Andres, Betzer, Goergen and Metzger note, “Banks and other financial institutions from the United Kingdom and the United States, two countries deemed to have the highest levels of shareholder protection, seem to have expropriated their shareholders while banks from countries believed to provide weak shareholder protection seem to have been left relatively unscathed the crisis.” Although since this was written we now see more European economies in trouble.
After surveying the literature, Bhagat, Bolton and Romano conclude that ownership of stock by board members is a better measure of the quality of corporate governance, both in terms of future operating performance and in the probability of management turnover in poorly performing firms, than the more complex indexes used by proxy monitoring services and academics.
Other chapters of this hefty volume of almost 700 pages deal with the empirical facts of boards, their composition and changing duties, such as the growing variety of subcommittees. Here’s a real shocker (I jest) from Geiler and Renneboog: “The available empirical evidence indicates that managerial self-dealing and the skimming of corporate profits by managers through compensation packages create a real problem. Executive compensation often seems to be in conflict with shareholder value creation. This situation is further exacerbated by evidence suggesting that hidden compensation is used to transfer wealth to executives.”
Cris Mallin contributes a chapter on institutional shareowners, discussing the trustee relationship and the increasing recognition of activism, using the examples of Hermes and CalPERS. She discusses their role in tamping down overly generous pay packages for CEOs. “Institutional shareholders will also be looking for better risk management in investee companies, for a balanced board with no one individual being too powerful, and for better succession planning. Issues relating to ethical, environmental, and social aspects are also likely to be the focus of more attention in the future.”
Donald Nordberg reviews arguments that an increase in shareowner power of pension and other institutional funds should be accompanied by more focus on the governance and accountability of such funds. Nordberg’s central discussion focuses on the differences between investors, primarily long-term vs. short-term. How are managements and boards supposed to parse such disputes? He advises them to appeal beyond the firm’s narrow circle of shareowners to government to impose greater transparency on voting by institutional investors, exposing risks and conflicts of interest. Governance reforms should also be applied to shareowners if their demands are to been seen as legitimate.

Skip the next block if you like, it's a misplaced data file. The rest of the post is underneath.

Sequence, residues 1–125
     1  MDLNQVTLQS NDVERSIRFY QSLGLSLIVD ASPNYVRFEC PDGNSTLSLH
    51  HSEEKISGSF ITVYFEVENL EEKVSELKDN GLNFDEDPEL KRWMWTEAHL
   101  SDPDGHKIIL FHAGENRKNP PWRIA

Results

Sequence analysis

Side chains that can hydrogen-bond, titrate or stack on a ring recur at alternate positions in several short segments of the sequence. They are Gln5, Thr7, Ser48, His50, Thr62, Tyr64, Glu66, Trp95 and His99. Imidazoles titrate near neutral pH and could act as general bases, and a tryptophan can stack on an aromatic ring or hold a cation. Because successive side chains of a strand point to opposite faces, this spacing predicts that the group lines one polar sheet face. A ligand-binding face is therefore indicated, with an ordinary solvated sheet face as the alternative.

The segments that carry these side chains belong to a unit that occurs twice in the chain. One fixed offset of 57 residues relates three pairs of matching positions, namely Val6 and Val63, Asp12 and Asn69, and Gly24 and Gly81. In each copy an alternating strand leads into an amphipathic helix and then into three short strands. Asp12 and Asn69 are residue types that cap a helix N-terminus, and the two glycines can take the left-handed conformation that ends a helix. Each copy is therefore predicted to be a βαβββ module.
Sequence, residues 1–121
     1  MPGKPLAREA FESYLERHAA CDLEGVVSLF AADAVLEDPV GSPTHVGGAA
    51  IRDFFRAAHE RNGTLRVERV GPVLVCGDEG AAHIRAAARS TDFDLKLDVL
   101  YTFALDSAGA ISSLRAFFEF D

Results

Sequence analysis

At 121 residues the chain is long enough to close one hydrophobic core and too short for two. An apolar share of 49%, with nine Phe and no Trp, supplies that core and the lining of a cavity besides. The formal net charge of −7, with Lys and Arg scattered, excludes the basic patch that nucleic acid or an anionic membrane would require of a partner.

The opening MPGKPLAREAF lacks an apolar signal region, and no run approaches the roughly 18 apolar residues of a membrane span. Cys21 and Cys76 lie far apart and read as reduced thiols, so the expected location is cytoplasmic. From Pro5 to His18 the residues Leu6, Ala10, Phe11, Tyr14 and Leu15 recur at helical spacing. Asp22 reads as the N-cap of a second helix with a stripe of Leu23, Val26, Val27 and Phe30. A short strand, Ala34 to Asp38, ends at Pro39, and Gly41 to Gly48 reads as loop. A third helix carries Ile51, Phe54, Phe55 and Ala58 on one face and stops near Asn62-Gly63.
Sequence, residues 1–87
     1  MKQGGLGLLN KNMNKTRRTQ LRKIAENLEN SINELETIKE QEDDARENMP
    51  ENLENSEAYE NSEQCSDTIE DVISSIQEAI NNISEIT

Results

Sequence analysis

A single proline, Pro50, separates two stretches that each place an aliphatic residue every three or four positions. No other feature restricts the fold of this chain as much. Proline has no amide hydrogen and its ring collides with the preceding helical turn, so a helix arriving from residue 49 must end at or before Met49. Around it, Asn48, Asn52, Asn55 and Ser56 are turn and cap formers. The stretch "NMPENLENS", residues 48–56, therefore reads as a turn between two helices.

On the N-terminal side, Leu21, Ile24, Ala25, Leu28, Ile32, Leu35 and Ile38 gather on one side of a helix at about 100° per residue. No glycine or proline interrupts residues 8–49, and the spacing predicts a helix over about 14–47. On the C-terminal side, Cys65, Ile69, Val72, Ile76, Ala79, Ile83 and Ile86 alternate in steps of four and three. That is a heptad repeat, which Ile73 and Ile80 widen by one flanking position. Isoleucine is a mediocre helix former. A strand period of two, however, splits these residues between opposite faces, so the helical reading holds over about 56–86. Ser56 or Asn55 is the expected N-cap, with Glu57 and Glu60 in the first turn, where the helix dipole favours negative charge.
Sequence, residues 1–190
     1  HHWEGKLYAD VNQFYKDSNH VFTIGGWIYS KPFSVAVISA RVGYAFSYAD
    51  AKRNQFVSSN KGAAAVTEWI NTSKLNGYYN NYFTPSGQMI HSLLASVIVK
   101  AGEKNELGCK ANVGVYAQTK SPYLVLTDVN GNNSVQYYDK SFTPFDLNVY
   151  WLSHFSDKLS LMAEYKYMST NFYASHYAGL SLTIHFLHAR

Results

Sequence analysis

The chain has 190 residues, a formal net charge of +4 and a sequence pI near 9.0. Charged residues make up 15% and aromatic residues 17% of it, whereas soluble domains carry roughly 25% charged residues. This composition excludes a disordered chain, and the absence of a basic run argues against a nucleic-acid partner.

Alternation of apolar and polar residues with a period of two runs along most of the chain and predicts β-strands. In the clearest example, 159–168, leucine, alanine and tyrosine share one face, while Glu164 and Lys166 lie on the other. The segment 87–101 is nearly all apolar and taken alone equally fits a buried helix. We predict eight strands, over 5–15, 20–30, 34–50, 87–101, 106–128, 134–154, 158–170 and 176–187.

An interesting finding highlighted by Anderson, Mansi, and Reeb in their study of managerial ownership from the perspective of creditors is that options and stock ownership don’t provide the same incentives to managers. “Ownership reduced creditor risk. Stock options increase creditor risk.” With regard to boards, they play a valuable role in monitoring management but impact weakens as CEO equity increases.
Peter Szilagyi’s discussion of proxy contests concludes that proxy access rules will increase shareowner control of boards at the same time they reduce dissident incentives to wage expensive proxy contests. Or as I would say, democracy, even if limited, is more cost-efficient than war.
In another chapter Mike Stegemoller argues overregulation has weakened the stick of the market for corporate control. Comparing CEOs to a bull in a china shop, he concludes: “The approach thus far has been to spend an exorbitant amount of time and money herding the bull and erecting better corrals, while attention should perhaps be on finding out what makes a bull appreciate fine dinnerware.” Similarly, Renee Jones writes, “the best hope for responsible management seems to be the broad inculcation of proper moral standards in the individuals who run our corporations.”
The volume is a virtual encyclopedia of contemporary thought on many of the most important issues in corporate governance. Hopefully, the recent financial crisis has demonstrated the value of such discussion and what happens when accountability mechanisms are lacking, misplaced, or fail.